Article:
Will Extra Pounds Protect You Against Alzheimer’s Disease?

Martha Snyder Taggart, BrightFocus Editor, Science Communications
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A BrightFocus Health and Science News Brief

In recent days, dozens of articles have been written about new research on body weight and Alzheimer’s risk.  In both media and science circles, jaws are dropping over the study just published in Lancet Diabetes & Endocrinology suggesting that weight gain—even to the point of obesity—might protect against, rather than increase the risk, of Alzheimer’s.

For the moment, at least, the study’s findings challenge earlier assumptions and evidence, about the link between obesity and Alzheimer’s risk.

A research team led by Nawab Qizilbash, PhD, of Oxon Epidemiology and the London School of Hygiene and Tropical Medicine, analyzed two decades’ worth of medical records on nearly 2 million UK residents who had a median age of 55 years at baseline. The results showed that  obese men and women actually had a lower risk of Alzheimer’s disease than those who were normal weight. Perhaps as important, those who remained underweight had an increased risk of Alzheimer’s.

Their analysis showed that underweight people had a 39% greater risk of dementia compared with being a healthy weight, and those who were overweight had an 18% reduction in dementia risk, which climbed to 24%—a one-fourth reduction in risk—for people who were obese.

"It is a surprise," Qizilbash said in a BBC News interview, and he acknowledged the findings would cause controversy.

"The controversial side is the observation that overweight and obese people have a lower risk of dementia than people with a normal, healthy body mass index,” he said. "That's contrary to most if not all studies that have been done, but if you collect them all together our study overwhelms them in terms of size and precision."

Reasons for Skepticism—and Why Confirmation Is Needed

In the world of science, there are differing levels of “proof.” Retrospective cohort studies like this, which analyze data that has already been collected on large numbers of people, lead to broad findings that may or not be accepted. However, what is widely agreed is that a study of this type is not capable of offering proof, nor of pinpointing causative factors, behind its findings.

“Clearly, further research is needed to understand this fully, "Simon Ridley, PhD, of Alzheimer's Research UK, said in a  BBC news analysis.

To be taken as “gospel,” the same findings would have to be repeated in a controlled study that would be designed in advance to rule out “confounding factors,” meaning any differences besides body weight that might differ between individuals who developed Alzheimer’s versus those who did not.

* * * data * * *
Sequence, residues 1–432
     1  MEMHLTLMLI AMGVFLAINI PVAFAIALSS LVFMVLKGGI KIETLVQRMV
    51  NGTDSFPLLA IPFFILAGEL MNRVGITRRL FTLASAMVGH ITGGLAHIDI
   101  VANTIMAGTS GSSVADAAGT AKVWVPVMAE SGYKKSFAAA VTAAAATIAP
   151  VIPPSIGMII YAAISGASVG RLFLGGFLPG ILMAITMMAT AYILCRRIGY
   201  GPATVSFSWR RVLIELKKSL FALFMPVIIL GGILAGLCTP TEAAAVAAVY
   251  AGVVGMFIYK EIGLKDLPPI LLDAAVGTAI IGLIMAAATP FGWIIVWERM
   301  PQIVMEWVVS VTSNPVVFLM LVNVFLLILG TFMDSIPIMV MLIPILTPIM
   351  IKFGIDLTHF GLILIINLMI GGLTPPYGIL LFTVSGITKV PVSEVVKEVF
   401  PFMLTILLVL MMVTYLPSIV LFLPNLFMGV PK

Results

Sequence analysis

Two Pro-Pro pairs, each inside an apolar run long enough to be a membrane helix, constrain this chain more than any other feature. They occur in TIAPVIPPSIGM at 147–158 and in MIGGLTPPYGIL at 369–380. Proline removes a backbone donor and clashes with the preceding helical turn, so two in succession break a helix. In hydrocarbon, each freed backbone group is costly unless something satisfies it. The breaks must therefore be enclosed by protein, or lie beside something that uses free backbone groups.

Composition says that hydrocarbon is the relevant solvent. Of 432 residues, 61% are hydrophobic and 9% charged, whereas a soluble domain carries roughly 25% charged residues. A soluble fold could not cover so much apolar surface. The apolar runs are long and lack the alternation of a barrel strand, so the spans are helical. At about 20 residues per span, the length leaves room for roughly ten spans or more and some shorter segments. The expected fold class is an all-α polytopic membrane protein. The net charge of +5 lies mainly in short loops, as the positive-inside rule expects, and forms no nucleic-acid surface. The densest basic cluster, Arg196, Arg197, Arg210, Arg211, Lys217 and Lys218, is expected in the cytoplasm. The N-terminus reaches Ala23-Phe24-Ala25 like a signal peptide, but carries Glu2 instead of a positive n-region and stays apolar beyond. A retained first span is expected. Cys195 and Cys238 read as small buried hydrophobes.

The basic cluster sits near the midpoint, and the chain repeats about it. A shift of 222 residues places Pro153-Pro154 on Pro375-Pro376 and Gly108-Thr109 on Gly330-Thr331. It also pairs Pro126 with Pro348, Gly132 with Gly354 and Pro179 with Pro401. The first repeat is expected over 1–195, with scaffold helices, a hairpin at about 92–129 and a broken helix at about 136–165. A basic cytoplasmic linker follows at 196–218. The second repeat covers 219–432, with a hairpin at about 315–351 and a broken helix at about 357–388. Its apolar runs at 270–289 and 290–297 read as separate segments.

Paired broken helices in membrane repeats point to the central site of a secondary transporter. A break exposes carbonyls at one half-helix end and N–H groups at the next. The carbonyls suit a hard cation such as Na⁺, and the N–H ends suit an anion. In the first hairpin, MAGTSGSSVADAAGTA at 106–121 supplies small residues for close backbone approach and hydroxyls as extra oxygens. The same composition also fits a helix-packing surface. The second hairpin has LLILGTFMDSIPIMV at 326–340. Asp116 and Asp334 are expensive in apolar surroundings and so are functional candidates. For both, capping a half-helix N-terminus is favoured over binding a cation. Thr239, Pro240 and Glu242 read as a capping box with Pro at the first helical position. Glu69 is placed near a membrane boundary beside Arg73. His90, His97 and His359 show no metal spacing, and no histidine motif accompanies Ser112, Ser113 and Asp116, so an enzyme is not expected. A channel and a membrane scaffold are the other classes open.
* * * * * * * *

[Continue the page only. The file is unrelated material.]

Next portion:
As an example, “many people with dementia tend to lose a lot of weight before the symptoms of cognition loss appear,” mentioned Diane Bovenkamp, PhD, BrightFocus scientific program officer.

Thus, “one factor to rule out might be whether being thin is associated as a consequence, rather than a possible cause, of Alzheimer’s disease,” she suggested. Among the $5.9 million in Alzheimer’s Disease Research grants BrightFocus has awarded in 2015, some funds will go towards investigating the relationship between weight loss and dementia.

Beyond simply determining cause and effect of weight gain and loss, studies like that are needed to probe into possible ways in which body weight interacts with Alzheimer’s disease. From a basic science standpoint, the possible contributions of diet and metabolism have not been fully explored or articulated. 

For example, as one of the initial stabs at explaining the surprising results from Qizilbash et al, some people are speculating that vitamin deficiencies believed to contribute to Alzheimer’s—possibly, in vitamins D and E, for example—may be less common in people who weigh more. But this, too, remains unproven. Investigations into nutritional deficiencies and benefits in Alzheimer’s disease represent a field that is growing, but is still relatively small and easily dismissed.

The Take Home

One thing is certain—no one should regard these latest findings as license to go on a binge-eating spree. All expert commentators have made that point.

"You can't walk away and think it's OK to be overweight or obese,” says Dr. Qizilbash himself. “Even if there is a protective effect, you may not live long enough to get the benefits.” That’s because adding inches to your waistline can greatly increase your risk of heart disease, stroke, diabetes, some cancers, and other diseases, some of which overshadow Alzheimer’s as leading causes of death.

"To understand the association between body mass index and late-onset dementia should sober us as to the complexity of identifying risk and protective factors for dementia,” Deborah Gustafson, PhD, of SUNY Downstate Medical Center, NY, commented to the BBC. Her own research focuses on adipose [fatty] tissue hormones in relationship to dementia and cognition, and she’s involved in several European research collaborations surrounding diet, physiology, and brain health.

As complex as they may be, the dietary, nutritional and metabolic factors in Alzheimer’s disease also may prove to be a boon—another strategic intervention point, along with disease modifying therapies—if people can be convinced to make dietary and lifestyle changes. And if weight gain ultimately is shown to be protective, there’s a good chance the added calories will be even more helpful if they are nutritious and provide proven benefits to the brain and overall health.

Glossary Terms

  • Dementia is group of symptoms that are associated with a decline in thinking, reasoning, and/or remembering. Alzheimer's disease is the most common form of dementia.